When traveling abroad, sometimes all we want is simply to get away from fellow, camera-wielding tourists and blend in with locals. At the places below, you’re likely to be the only foreigner, even though many of them are right in the heart of the city. They also offer a chance to get to know some locals.
The café itself, which used to be the stable of this pre-war mansion, is nothing to write home about, but the interior of the library is a must-see. Some of the floors preserve the aristocratic grandeur of the 19th century Baroque Revival architecture with wood paneling, sumptuous ornaments, and floor to ceiling mirrors. The wealthy Wenckheim family, landowners in south-eastern Hungary, commissioned the construction of the building as temporary residence while in Budapest. Later, the city purchased the building, which operates as a public library since 1931.Read more
Flaky almond croissants, fresh orange juice, and specialty coffee (both pour overs and espresso-based coffee) are just three of the reasons to visit this café in the “Harlem of Budapest”, a bit outside the city center in District 8. Kudos to the owner for walking the less trodden path and creating something good in this slice of the city. Wander the streets nearby to get a glimpse of the lives of the less privileged in Budapest (the neighborhood is very safe during the day). Local attractions include the country's best high school, the tiny brewery where Műterem Kávézó roasts its coffee beans, as well as the eclectic building with the peculiarly shaped facade (and a non-matching top floor that was added during communism) around the corner..Read more
Róma Ételbár is one of the few remaining communist-era “osteria”: cheap, no-frills, lunch-only eateries once common in Hungary. The dishes at Róma still exclusively revolve around Hungarian classics, as if the kitchen has been vigilantly guarding against lurking intruders of contemporary gastronomy. The Hungarian signature dishes are passable (goulash, beef stew, etc.), but you’re usually better off opting for the daily specials, like the roast goose leg with parsley potato, which often have more character. Prices are higher at Róma than at other similar eateries, likely due to the crowds that line up during lunchtime (some aspect of capitalism did slip through the cracks).Read more
The ultimate melting pot of (Buda)Pest. Construction workers and white collar employees alike line up for the unexpectedly flavorful chicken sandwiches at lunchtime at this tiny eatery. The ladies behind the counter will somehow manage to squeeze the toppings and side dishes, to be chosen from a plethora of options, inside the bread rolls. Hungry, but low-carb conscious dieters can indulge themselves with a whole roast chicken just out of the oven.Read more
Eccentric little café in the basement of the venerable Eötvös Loránd University, with lexicons and playful postcards adorning the walls. Besides specialty coffee, flaky croissants, and fruit cups, they have the broadest range of Hungarian magazine subscriptions I’ve seen in a café, including ones on the far left, and far right. For the best experience and most students, go during the academic year (September - May), as during the summer they just operate out of a food cart at the main entrance of the school. Open weekdays only.Read more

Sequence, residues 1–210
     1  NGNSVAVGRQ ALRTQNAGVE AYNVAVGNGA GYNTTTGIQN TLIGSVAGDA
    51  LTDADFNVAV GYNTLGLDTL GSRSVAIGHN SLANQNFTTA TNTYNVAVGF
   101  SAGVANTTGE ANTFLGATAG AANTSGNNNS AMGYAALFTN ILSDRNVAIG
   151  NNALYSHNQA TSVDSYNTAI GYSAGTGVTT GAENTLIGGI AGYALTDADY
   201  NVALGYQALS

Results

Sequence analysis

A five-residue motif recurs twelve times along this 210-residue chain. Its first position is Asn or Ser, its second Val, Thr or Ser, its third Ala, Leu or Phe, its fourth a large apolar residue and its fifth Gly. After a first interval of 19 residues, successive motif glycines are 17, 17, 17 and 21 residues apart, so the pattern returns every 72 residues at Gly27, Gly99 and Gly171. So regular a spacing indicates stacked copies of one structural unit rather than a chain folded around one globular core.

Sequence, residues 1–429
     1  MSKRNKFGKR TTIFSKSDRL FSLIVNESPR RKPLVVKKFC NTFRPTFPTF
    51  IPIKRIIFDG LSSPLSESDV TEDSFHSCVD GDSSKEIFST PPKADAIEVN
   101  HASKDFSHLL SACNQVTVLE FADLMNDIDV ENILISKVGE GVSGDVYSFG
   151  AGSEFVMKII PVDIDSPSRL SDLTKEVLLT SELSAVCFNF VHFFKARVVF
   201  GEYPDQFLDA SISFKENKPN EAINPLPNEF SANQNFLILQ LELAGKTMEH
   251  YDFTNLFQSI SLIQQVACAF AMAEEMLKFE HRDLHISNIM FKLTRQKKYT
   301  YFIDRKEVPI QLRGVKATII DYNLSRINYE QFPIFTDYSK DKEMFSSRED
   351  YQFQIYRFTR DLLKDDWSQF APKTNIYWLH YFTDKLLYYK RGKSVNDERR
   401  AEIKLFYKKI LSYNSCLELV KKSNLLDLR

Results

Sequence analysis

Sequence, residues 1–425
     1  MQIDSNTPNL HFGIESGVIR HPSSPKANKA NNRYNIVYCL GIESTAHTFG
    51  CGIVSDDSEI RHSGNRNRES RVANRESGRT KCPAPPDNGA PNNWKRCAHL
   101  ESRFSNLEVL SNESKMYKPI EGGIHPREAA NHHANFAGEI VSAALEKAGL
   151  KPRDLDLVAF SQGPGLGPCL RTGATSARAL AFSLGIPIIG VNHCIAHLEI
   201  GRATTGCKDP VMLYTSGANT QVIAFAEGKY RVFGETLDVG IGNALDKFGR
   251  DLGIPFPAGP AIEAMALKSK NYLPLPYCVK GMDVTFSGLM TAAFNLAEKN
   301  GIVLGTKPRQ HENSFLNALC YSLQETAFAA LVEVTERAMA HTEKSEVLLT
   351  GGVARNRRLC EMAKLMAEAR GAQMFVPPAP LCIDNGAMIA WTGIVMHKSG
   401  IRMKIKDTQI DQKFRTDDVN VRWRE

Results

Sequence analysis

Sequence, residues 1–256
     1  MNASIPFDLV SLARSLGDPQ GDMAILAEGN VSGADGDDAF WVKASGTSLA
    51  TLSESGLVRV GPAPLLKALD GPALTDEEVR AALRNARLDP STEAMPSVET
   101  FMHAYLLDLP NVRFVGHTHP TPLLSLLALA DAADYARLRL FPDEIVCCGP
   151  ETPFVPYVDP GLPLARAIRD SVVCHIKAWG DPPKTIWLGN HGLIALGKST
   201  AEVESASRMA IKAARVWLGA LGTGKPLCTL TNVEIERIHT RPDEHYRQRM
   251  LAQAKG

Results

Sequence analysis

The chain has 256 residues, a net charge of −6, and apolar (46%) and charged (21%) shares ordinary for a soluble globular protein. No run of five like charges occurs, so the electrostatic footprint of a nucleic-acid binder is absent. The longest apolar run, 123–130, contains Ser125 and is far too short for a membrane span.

Újlipótváros, the neighborhood of Tera Magyar Konyhája, is the best kept secret in Budapest. A city within the city. The cultural upper crust and young families with baby strollers form a strong local community here and make for a lively area. Many of the local residents can be found in Tera, this self-service diner with a broad selection of traditional Hungarian dishes.Read more
A spirit of healthy anarchy radiates from this bar-slash-community center located a bit outside the city center in a gritty part of District 8. It's nonetheless worth trekking out there. They hold weekly panel discussions on a range of relevant topics (e.g. industrial interest vs.Read more
Highly amortized pieces of socialist interior design will await you at this cavernous underground bar on what’s one of the most charming streets in Budapest. Mélypont Presszó is usually filled with college students from the neighboring law and political science colleges. Despite the occasionally rowdy college crowd (expect some waiting for the foosball table) the setting overall is pretty intimate, with cute hideaway corners that work well for date nights too. While drinks are cheap overall, whiskey fans can indulge in a broad selection from the top shelf..Read more
Trust me, the address is accurate - persist in your search and you will be handsomely rewarded. It’s worth walking around a bit anyway in this mostly working class, underdeveloped neighborhood. The unkempt condition of the otherwise grand housing stock illustrates the level of decay most buildings in Budapest reached at the end of the communist period. Pótkulcs, a hidden bar inside a former light engineering workshop sits on a quiet side street and features a huge outdoor patio and a no-frills indoor bar area.Read more
The building, rather than the food, is the key attraction of this restaurant, located inside a pre-WWI mansion in the Castle Area of District 8. Take some time to absorb the view from the inner courtyard: ivy-covered facades, cube stone patterns, symmetrically curved staircases. As for food, the prix fixe lunches will neither disappoint, nor take your breath away. The crowd is an interesting mix of librarians, architects (today the building is home to the Chamber of Budapest Architects), and local residents.Read more
Rankings are based on a combination of food/drink, atmosphere, service, and price.